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Officials call on KDP to stop aiding Turkish armed forces, to prevent intra-Kurdish war

OFFICIALS in the semi-autonomous Kurdistan region of Iraq have urged the Kurdistan Democratic Party (KDP) — the senior partner in the regional government — to stop aiding the Turkish armed forces and to prevent a deadly intra-Kurdish war.

In a statement issued at the weekend, the Kurdistan Communities Union (KCK), an umbrella organisation of Kurdish groups that includes the Kurdistan Workers Party (PKK), accused the KDP of declaring an “open war” on guerilla forces. 

It said that KDP peshmerga actions — which have included ambush attacks and surrounding guerilla bases — have been intended to hamper the PKK resistance, which has continued to battle the Turkish incursions after more than 100 days of war.

“The guerilla force resists these attacks, which are carried out by the second-largest army in Nato,” kitted out with advanced military and technological equipment, the statement said.

“This is the greatest struggle for their own dignity that has taken place in the history of the Kurdish people so far,” the KCK said.

Turkey launched its latest illegal invasion and occupation on April 23, with aerial bombardment and ground troops engaging in fierce fighting in the mountainous Duhok region of Iraqi Kurdistan.

More than 1,500 Kurdish civilians have been forced to flee their homes according to Christian Peacemaker Teams, which has been investigating on the ground.

Turkish forces have been accused of shipping in thousands of jihadists from Libya and Syria to join Operation Claw Lightning.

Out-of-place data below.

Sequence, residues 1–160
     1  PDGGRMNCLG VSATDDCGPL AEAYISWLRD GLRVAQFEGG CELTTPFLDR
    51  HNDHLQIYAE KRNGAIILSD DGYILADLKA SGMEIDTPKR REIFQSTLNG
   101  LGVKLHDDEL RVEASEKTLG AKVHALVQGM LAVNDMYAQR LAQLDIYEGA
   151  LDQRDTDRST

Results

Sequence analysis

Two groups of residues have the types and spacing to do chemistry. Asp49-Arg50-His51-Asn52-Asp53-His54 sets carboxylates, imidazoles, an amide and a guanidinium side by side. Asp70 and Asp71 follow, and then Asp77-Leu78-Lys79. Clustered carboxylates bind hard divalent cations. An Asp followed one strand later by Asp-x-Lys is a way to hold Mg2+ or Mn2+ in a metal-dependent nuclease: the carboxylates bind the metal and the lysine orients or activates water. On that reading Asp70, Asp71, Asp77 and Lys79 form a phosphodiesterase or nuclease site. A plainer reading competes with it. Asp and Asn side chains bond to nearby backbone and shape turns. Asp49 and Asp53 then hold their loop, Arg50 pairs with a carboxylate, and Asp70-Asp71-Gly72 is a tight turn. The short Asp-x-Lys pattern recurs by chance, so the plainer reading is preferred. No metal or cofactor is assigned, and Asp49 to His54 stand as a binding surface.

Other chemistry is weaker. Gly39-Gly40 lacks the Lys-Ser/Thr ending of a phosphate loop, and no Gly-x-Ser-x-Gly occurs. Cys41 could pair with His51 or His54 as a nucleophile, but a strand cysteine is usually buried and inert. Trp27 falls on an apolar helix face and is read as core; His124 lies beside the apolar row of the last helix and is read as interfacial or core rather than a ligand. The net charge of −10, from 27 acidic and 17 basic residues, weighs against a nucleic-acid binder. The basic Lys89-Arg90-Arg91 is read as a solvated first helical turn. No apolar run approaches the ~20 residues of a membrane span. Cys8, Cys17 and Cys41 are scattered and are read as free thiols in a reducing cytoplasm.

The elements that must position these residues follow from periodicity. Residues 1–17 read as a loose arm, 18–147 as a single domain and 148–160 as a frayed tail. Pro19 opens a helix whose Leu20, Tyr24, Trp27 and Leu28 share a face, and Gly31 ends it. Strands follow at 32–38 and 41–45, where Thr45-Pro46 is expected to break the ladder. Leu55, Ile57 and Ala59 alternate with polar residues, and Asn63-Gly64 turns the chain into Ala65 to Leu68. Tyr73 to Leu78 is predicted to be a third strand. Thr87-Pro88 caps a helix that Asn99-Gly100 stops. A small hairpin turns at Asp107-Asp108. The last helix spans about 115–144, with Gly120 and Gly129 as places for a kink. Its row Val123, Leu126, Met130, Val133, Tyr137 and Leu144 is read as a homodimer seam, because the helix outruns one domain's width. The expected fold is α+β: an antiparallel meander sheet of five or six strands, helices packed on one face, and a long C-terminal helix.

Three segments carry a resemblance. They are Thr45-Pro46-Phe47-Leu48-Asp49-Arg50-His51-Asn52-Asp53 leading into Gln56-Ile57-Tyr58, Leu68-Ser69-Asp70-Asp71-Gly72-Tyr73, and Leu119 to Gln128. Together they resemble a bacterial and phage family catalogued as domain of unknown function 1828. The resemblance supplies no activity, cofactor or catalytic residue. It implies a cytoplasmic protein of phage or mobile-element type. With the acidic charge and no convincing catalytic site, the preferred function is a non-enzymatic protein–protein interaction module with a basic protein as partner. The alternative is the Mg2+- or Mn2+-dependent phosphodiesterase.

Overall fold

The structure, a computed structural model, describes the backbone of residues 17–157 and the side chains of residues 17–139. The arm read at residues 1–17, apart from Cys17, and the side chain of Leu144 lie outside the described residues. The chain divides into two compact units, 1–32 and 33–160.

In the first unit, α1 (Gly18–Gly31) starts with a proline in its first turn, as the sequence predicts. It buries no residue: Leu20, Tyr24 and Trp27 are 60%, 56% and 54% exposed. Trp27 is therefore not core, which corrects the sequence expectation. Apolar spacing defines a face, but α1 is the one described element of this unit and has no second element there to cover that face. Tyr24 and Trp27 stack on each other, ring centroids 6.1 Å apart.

A Morning Star report into the alleged use of chemical weapons in tunnels used by PKK guerillas led to calls for a commission of inquiry in the Turkish parliament. Sources have claimed that similar attacks have subsequently taken place, although this has not been independently verified.

Great efforts have been made to avert a deadly intra-Kurdish war, with the Kurdistan Communist Party-Iraq mediating between the various regional political parties. 

It played a similar role in the mid-1990s when war broke out between the KDP and its rival Patriotic Union of Kurdistan, the two largest parties in Iraqi Kurdistan.

KCK said the KDP actions “will have very negative consequences for the Kurdish people and will open the door to the occupation and genocide policies of the Turkish state, the leading force of hostilities against the Kurds.

“We expect the KDP to recognise this danger and refrain from these steps,” it said.

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